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A Guide to PR for Startups (craigkerstiens.com)
135 points by hackerews 645 days ago | hide | past | web | 20 comments | favorite

This post is a good primer on PR basics. If you'd like to read more on the subject, I (also) wrote a book about startup PR with plenty of examples (and a few jokes).

The Burned-Out Blogger's Guide to PR: http://www.amazon.com/The-Burned-Out-Bloggers-Guide-PR-ebook...

(I used to write for TechCrunch and have subsequently done PR consulting for startups. Feedback on the book has been quite positive; if you read it and wish it covered something, let me know!)

I added it to my wishlist based on this recommendation:


Jason Kincaid's book is really really good

- nikcub

I second the recommendation, it was fairly short, an entertaining read, solid tips and no fluff


I read this book. It is a fun read and full of useful information.

Why'd you stop writing for TC?

He explained it in the title of the book. :) he was burned out.

This is a pretty good write up, although from the editor's point of view (which ultimately is the one that counts if PR is going to get results), it could be tightened up a bit.

I was the editor of Dr. Dobb's and am currently the editor of Java Magazine (from Oracle). I get hundreds of pitches a month. The triage greatly favors outreach about products in my site/magazine's wheelhouse and initiated by someone I know. The latter bit is key. If my contact is at a PR agency that I've worked with before, I know they know my coverage area and my interests. But mostly important, I know their client will be prepared.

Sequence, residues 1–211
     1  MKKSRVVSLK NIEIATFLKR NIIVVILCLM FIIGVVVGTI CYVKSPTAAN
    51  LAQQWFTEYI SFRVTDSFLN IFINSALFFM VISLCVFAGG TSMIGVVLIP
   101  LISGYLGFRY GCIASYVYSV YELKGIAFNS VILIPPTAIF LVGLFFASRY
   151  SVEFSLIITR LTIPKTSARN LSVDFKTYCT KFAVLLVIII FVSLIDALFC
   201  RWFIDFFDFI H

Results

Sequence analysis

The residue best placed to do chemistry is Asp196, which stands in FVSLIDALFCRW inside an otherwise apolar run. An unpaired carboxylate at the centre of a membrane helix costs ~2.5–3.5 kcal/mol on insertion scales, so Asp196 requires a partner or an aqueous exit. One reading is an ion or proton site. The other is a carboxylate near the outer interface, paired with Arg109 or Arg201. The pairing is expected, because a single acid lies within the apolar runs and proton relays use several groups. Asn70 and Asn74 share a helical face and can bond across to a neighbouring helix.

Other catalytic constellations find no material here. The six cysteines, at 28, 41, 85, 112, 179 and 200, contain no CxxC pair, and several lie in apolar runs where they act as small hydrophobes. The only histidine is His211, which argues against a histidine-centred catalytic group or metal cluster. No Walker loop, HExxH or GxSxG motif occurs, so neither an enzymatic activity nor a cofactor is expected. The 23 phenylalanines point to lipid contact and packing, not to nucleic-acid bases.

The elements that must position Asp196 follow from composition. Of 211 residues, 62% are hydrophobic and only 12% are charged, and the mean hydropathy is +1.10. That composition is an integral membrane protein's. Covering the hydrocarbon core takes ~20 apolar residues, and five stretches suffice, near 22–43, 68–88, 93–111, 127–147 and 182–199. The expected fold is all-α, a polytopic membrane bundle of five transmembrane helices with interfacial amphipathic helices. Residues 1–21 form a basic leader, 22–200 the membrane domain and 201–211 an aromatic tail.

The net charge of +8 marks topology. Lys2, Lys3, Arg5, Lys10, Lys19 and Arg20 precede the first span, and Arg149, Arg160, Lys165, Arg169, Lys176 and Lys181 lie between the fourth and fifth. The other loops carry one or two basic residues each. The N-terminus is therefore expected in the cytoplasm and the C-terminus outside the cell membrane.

This means that if I ask for a demo, the guy doing it knows how to do a demo. I also know the tech guy and the marketing guy on the call have a modicum of understanding about how the conversation goes. (For example, not saying "we were hoping to get some coverage because we just signed an ad contract with you guys.") And finally, I know the agency will not contact me unless the company truly has something to say.

Because of these factors, I know that there's a high likelihood that engaging with the start-up will result in useful content for my readers.

In contrast, dealing with an unknown company and unknown PR person, it's a crapshoot. I can spend a bunch of time and have nothing to show for it.

So, when I'm under the gun (which is most of the time), I will always favor the interactions that are most likely to result in content I can use.

Thanks for the extra context. I've not been on the other side of the table, but in a way this absolutely makes sense. It's nice to know that engaging in a good form with an agency and showing up better prepped is found valuable to editors and writers.